Please understand that any advice in this section is provided without the benefit of seeing you as a patient.
It is only with the knowledge of a complete medical history and a thorough audiological evaluation that accurate information can be provided.
Please allow this to serve as a stepping-off point to allow you to research your condition further and to seek professional consultation
Q. After thorough testing, the Mayo Clinic told me that I had a slight hearing loss, but my difficulty separating sounds (as in a noisy restaurant) is caused by a brain function that can’t be alleviated by audiology modifications.
What is the name of this disability, and are people being sold hearing aids that can’t deal with it very successfully? — George B., Creve Coeur, Mo.
Q. I only have hearing problems in certain situations, e.g., at movies, crowded restaurants. If I got a hearing aid, would there be any problem wearing it in just those situations? — John Fisher, Winston-Salem, N.C.
A. Without seeing audiological test results from either George B. or John Fisher it is difficult to provide consultation as to whether hearing aids would help.
An important fact to keep in mind is that most hearing loss occurs in the high-frequency range.
This is the part of the hearing organ that typically produces awareness of sounds such as “s”, “f”, “th”, “p”, and “t”.
An inability to hear these consonant sounds can cause considerable confusion when listening to speech. When listening in the presence of background noise, the damaged high-frequency portion of your hearing organ cannot provide you with accurate high-frequency speech information.
You may easily confuse the word shoot with shoe, or hit with hip.
Your inability to hear these high-frequency consonant sounds can certainly send your brain an inaccurate message.
The fortunate part of this condition is that these high-frequency sounds are some of the most visible sounds on a person’s lips.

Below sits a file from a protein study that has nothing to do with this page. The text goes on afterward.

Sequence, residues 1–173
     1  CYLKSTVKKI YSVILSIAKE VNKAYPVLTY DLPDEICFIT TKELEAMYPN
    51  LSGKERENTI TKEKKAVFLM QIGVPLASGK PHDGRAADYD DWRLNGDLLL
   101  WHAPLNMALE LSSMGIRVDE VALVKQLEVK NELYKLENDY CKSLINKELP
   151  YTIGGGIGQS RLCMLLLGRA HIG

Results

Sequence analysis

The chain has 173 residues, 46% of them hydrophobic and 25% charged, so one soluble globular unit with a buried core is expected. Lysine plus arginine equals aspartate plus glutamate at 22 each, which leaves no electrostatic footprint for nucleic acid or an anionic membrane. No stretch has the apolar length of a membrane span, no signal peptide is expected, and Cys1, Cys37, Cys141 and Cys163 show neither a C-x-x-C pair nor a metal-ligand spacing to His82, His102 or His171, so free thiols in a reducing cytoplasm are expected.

So, if you are able to see the speaker’s face, your brain can often fill in what your ears may have misunderstood.
Positioning yourself in restaurants, at family dinners, or group settings where you are able to see the speaker’s face can improve your ability to follow conversation.
Can hearing aids help as well? A properly fit hearing aid may boost up the damaged region of your hearing, in most cases this is the high-frequency portion.
Depending on the degree of the damage, the boosted high-frequency sounds can fill in where your damaged hearing organ is lacking.
The extent of the benefit you may receive is dependent upon several factors.
Certainly you must give your brain a chance to get used to utilizing this new amplified information.
A trial period of at least one month of consistent hearing aid use often times will provide you with the answer.
Q. I’ve had tinnitus on my left ear since August 2011 but it was not annoying at first. Hearing tests show mild to moderate hearing loss on my left ear; however, for some inexplicable reason my tinnitus got very loud in October 2012. I suspect it was emotional stress.
I have tried many things to lessen the sound and its effects on my mood and reaction including a hearing aid but nothing seems to help. I am only 25 and the hissing continues.
The sound is destroying my life day by day! It is not life anymore it is torture.
Can you please recommend something a college student like me can do to improve this unfortunate situation? And do you have any further knowledge on acoustic neuromodulation treatment offered in the U.K.? Thank you. — Henry, Sacramento
Q. Following surgery to repair a ruptured eardrum about five years ago, I experienced a catastrophic loss of high-frequency hearing in one ear.